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Stephen Feinberg Wants To Work His Private Equity Magic On The Intelligence Community

If a substantially weakened and easier-to-manage intelligence community is what Trump's after, Feinberg's the man.
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(Apologies to William Blake)

(Apologies to William Blake)

In an industry where firms tend to give themselves bland, often vaguely geographic names – Bridgewater, Blackstone, Riverstone, Pine River – Stephen Feinberg has taken a different tack. His group, Cerberus Capital Management, is named for the horrifying three-headed cur from hell. Yet whatever connotations it might have for investors, the image perfectly embodies the types of synergies that only a private equity great can see. Why have three separate dogs guarding Hades when you can form a streamlined monster on a single skeleton, cutting out significant digestive and circulatory overhead?

As the New York Times reports, Feinberg wants to bring that sort of mojo to the intelligence community, which has become a thorn in the side of the Trump administration with its pesky Russia investigations and constant leaks. To take care of that problem the president reportedly wants to explore a spy agency overhaul.

At his press conference Thursday, Trump downplayed the story. “I hope we'll be able to straighten that out without using anybody else,” Trump said. “He's offered his services and it's something we may take advantage of, but I don't think we'll need that at all because of the fact that, you know, I think that we're going to be able to straighten it out very easily on its own.”

Feinberg-led or not, the “broad review of American intelligence agencies…could curtail their independence and reduce the flow of information that contradicts the president’s worldview,” the NYT wrote. Would Feinberg be the right guy to make the intelligence community simultaneously more manageable and less effective? Judging from his experience consolidating the gun industry, the answer is yes.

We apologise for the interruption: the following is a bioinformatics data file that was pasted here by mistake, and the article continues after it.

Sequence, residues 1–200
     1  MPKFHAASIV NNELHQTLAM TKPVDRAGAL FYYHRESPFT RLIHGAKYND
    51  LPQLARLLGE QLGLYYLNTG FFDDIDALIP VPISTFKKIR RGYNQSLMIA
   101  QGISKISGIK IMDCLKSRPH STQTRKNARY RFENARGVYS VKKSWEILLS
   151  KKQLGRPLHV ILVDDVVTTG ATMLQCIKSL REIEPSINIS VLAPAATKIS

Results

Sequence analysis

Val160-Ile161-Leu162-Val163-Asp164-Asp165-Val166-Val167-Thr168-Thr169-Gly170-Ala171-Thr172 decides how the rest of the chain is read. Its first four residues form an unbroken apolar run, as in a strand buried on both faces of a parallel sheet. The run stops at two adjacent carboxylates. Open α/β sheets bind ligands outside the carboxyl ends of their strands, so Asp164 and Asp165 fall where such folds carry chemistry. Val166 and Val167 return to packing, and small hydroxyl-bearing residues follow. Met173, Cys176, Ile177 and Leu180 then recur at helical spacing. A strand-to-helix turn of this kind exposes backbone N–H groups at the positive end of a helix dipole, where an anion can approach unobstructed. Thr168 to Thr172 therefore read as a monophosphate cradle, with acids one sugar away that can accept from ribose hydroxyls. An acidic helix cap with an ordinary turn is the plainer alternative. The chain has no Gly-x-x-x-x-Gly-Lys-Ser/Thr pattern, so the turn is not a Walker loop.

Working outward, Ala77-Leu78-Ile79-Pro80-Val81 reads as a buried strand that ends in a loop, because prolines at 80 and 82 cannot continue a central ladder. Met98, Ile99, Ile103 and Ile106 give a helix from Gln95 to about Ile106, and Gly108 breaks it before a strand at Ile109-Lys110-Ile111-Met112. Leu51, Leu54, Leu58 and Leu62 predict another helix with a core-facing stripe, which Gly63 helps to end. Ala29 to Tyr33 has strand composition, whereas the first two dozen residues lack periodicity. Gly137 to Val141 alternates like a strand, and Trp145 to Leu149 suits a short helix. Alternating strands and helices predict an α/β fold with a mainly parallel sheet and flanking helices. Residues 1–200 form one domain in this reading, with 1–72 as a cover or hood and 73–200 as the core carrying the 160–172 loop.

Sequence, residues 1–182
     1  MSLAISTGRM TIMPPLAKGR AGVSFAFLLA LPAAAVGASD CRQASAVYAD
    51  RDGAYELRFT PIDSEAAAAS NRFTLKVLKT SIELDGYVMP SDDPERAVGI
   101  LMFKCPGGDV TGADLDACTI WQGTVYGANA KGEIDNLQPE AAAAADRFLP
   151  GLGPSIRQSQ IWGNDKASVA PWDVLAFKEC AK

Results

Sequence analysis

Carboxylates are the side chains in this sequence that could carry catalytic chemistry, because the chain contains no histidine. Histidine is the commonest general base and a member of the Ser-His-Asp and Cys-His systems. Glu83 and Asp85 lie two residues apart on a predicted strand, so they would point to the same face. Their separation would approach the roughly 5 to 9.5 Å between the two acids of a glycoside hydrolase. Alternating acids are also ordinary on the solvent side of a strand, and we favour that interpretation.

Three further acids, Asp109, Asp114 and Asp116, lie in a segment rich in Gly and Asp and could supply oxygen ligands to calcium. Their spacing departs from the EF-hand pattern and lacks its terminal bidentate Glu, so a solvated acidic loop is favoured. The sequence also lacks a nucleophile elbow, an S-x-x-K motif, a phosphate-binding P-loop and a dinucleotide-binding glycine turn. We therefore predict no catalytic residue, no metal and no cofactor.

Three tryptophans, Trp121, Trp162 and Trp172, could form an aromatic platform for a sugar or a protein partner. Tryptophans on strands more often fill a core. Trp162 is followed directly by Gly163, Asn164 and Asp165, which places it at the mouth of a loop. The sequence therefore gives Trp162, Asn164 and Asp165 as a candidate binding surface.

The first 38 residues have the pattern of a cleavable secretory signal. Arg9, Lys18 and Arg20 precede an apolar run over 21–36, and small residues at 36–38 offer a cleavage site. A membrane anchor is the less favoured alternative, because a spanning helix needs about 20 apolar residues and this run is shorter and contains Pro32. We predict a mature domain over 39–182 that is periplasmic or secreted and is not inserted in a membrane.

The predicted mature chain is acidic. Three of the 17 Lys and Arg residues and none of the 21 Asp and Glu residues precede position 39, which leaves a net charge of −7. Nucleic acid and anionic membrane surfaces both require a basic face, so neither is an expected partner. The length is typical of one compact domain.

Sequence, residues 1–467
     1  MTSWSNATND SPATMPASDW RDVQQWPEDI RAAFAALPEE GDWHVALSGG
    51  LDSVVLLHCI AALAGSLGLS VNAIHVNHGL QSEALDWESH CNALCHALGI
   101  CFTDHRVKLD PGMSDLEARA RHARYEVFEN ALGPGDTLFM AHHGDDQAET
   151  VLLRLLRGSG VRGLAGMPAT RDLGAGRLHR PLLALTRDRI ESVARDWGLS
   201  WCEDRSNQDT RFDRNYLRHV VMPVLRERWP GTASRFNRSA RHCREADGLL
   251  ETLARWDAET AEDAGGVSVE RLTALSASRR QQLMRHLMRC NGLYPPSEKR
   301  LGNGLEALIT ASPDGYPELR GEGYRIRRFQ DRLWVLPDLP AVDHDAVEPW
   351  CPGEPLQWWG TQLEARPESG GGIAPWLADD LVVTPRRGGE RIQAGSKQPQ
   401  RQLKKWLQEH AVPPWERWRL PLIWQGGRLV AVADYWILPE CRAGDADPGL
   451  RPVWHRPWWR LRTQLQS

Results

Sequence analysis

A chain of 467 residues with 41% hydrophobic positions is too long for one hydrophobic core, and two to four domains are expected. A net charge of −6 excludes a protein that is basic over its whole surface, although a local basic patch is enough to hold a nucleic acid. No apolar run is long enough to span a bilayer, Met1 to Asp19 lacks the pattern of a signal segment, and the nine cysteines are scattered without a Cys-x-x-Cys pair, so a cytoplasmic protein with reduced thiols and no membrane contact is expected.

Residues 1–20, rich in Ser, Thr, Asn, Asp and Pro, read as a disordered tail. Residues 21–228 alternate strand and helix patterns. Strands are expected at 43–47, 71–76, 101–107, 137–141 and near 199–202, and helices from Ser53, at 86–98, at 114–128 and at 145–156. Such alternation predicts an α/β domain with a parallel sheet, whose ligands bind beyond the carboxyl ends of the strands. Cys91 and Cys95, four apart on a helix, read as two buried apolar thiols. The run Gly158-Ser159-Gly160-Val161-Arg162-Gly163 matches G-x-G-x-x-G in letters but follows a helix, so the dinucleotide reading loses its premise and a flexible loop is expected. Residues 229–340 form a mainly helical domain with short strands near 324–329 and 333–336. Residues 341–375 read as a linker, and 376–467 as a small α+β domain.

Our tale begins in 2005, when Feinberg took a weekend trip down to the Moyock, North Carolina, training site of military contractor Blackwater to shoot some guns with a decorated Iraq war vet. It was to be the opening salvo in a quixotic quest by Feinberg to roll up Remington, Bushmaster and 16 other firearms manufacturers in what he hoped would be the Berkshire Hathaway of things that go boom and kill people. He called it Freedom Group.

But as New York Magazine reported shortly after the election, there were a few snafus in the process. Cerberus brought in executive Robert Nardelli to run the conglomerate.

Nardelli’s tenure at Freedom Group was disastrous. He knew little about guns; his expertise was in high-­efficiency manufacturing and building economies of scale. He alienated many of Freedom’s top managers and accelerated a program of manufacturing consolidation that centralized production in Remington’s main facility in Ilion, New York. This push for efficiency meant laying off skilled workers, introducing manufacturing defects into Freedom Group products. “Since the announced closure of the North Haven factory, the quality of Marlin lever-actions has gone completely to hell,” wrote one gun blogger. “Our rifles were neither fit nor finished, nor in any condition to be offered for sale.” Gun magazines and internet forums were filled with complaints, and after Cerberus bought it, Remington was forced to issue multiple recalls, for both guns and ammunition. A number of customers sued the manufacturer, claiming their guns had gone off without the trigger being pulled, prompting a class-action lawsuit.

Then in 2012 Sandy Hook happened and NRA members all over the country went out and splurged. The profits from the panic-buying made it seem a perfect time to put the company on the market:

Feinberg wanted over a billion dollars, but he couldn’t find a taker at that price. The original idea, of an IPO, was out of the question: No reputable investment bank would underwrite it, nor even take the M&A fees associated with a private deal. Another option would have been to sell off the most controversial product lines, like Bushmaster, but the centralization of manufacturing made that impossible, too.

Then the boom ended and things got ugly:

The boom was short-lived: The 2014 ­rollout of a new pistol, the Remington R51, was a disaster — an unreliable shooter with serious production flaws, the R51 was the Galaxy Note of the firearms industry, and Remington ended up recalling the guns. Having once sought a billion dollars for its investment, Freedom was, according to insiders, now internally valued at just $400 million.

In 2015 Cerberus gave up on a profitable exit and let investors cash out of Freedom Group investments, placing the company into a special vehicle separate from Cerberus. A private equity success? It was not. But as a dress rehearsal for an attempt to upend the intelligence establishment, the Freedom Group saga holds promise for Trump.



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